, ad quæ majorum decreta provocabimus? Ad solum tum Christum refugiemus, Christi tum solius præsidio verboque utemur. Quapropter ne simus animo tam securo in re tanta. Agitur vita, agitur anima,
offereth himself unto us, and of his own accord meeteth us : Jesus Christ crieth out, and calleth every one of us, “ Come unto me,
which are grieved ; and I will refresh you.” How blind be we if we see not, how blockish if we understand not, how miserable if we run from this! Where shall the word of Christ be heard, if it cannot be heard among Christians ? If it cannot be heard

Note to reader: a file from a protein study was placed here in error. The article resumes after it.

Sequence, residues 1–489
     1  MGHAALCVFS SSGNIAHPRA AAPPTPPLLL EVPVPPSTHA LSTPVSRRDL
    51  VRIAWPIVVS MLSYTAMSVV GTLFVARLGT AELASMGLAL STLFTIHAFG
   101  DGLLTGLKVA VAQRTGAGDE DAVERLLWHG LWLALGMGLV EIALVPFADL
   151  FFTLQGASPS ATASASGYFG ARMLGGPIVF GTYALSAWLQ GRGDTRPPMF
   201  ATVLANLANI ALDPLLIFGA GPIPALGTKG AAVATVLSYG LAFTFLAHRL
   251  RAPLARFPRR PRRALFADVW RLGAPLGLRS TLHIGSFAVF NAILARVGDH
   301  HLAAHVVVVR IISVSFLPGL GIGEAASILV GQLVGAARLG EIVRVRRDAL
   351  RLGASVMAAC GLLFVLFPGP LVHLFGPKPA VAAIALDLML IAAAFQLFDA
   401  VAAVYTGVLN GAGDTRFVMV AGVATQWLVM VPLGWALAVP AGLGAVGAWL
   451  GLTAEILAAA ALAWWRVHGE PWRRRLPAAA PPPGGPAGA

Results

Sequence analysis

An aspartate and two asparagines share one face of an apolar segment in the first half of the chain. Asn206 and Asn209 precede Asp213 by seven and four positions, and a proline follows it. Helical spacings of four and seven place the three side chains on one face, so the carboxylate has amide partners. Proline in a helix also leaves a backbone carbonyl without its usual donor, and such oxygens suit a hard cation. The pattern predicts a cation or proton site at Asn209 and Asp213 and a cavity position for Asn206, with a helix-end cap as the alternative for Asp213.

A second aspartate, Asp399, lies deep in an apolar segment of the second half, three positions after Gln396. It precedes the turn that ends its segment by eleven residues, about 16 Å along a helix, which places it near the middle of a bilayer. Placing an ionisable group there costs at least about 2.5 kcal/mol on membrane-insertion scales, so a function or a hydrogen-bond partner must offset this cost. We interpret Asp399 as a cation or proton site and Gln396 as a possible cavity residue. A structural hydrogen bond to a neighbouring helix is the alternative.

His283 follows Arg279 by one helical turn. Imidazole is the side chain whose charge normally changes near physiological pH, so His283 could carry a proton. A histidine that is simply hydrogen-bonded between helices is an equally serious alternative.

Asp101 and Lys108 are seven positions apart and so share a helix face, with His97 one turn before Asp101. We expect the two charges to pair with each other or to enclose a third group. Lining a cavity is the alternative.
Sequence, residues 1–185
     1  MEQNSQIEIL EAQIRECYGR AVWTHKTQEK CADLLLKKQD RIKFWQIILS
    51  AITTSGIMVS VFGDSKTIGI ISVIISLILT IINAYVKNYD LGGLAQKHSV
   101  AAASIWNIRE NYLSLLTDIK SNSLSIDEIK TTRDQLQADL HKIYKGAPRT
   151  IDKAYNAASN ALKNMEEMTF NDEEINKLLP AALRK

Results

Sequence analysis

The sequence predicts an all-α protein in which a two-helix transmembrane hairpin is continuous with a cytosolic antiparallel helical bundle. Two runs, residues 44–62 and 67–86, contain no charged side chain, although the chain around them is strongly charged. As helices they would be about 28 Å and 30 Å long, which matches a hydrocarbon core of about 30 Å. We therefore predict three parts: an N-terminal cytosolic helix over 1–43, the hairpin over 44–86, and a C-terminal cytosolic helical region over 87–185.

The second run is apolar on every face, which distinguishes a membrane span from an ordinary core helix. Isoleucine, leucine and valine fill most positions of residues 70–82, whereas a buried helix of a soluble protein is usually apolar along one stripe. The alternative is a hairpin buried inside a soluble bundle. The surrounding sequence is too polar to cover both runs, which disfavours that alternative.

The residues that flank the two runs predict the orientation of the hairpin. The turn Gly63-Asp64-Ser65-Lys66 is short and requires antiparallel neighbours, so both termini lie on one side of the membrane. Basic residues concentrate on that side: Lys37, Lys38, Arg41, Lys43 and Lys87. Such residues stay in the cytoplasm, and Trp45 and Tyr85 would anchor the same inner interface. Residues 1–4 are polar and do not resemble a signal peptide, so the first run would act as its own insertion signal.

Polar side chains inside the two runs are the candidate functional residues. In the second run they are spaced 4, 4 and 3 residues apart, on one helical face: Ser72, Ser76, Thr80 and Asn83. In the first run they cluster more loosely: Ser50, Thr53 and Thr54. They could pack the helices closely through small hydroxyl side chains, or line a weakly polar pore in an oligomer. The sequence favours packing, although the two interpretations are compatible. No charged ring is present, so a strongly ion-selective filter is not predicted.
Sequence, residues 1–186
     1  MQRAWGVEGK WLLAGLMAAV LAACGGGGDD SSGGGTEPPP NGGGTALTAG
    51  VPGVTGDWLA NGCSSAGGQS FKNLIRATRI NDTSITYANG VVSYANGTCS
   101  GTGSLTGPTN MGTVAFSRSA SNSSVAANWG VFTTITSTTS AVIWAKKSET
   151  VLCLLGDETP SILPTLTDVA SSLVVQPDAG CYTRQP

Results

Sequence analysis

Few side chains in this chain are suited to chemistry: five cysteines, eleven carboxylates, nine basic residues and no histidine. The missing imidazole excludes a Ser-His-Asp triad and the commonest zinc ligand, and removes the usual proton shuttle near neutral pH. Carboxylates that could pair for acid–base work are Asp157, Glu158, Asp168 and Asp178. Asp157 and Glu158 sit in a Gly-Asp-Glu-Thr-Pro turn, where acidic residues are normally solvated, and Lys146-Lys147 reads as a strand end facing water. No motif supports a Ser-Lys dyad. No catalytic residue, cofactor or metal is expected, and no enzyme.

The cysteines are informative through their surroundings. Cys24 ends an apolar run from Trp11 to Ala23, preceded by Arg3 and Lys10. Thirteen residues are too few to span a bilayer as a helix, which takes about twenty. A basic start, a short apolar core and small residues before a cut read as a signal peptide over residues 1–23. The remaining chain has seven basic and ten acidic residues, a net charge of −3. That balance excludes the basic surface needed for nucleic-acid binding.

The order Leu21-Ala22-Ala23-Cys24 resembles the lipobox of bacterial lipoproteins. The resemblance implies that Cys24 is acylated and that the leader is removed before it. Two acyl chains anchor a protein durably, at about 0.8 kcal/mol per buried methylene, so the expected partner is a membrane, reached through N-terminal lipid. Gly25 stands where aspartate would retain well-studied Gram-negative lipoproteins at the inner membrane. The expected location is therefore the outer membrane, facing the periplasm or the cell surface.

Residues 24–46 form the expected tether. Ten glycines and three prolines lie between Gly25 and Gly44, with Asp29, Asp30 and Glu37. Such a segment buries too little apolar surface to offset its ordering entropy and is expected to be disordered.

among Christians, where shall it be heard ? Let us once yet open, brethren, let us open our eyes, that it may not be spoken against our stubbornness, “Therefore you hear not, because you be not of God;" and that that saying of Esaias be not conveniently applied against us: “The heart of this people is waxen gross, and they have hardly heard with their ears, and they have closed their eyes; lest they should at any time see with their eyes, and hear with their ears, and understand with their heart, and they should be converted, and I should heal them.”—And what I should speak more before christian men and the children of God concerning the word of God, I see not.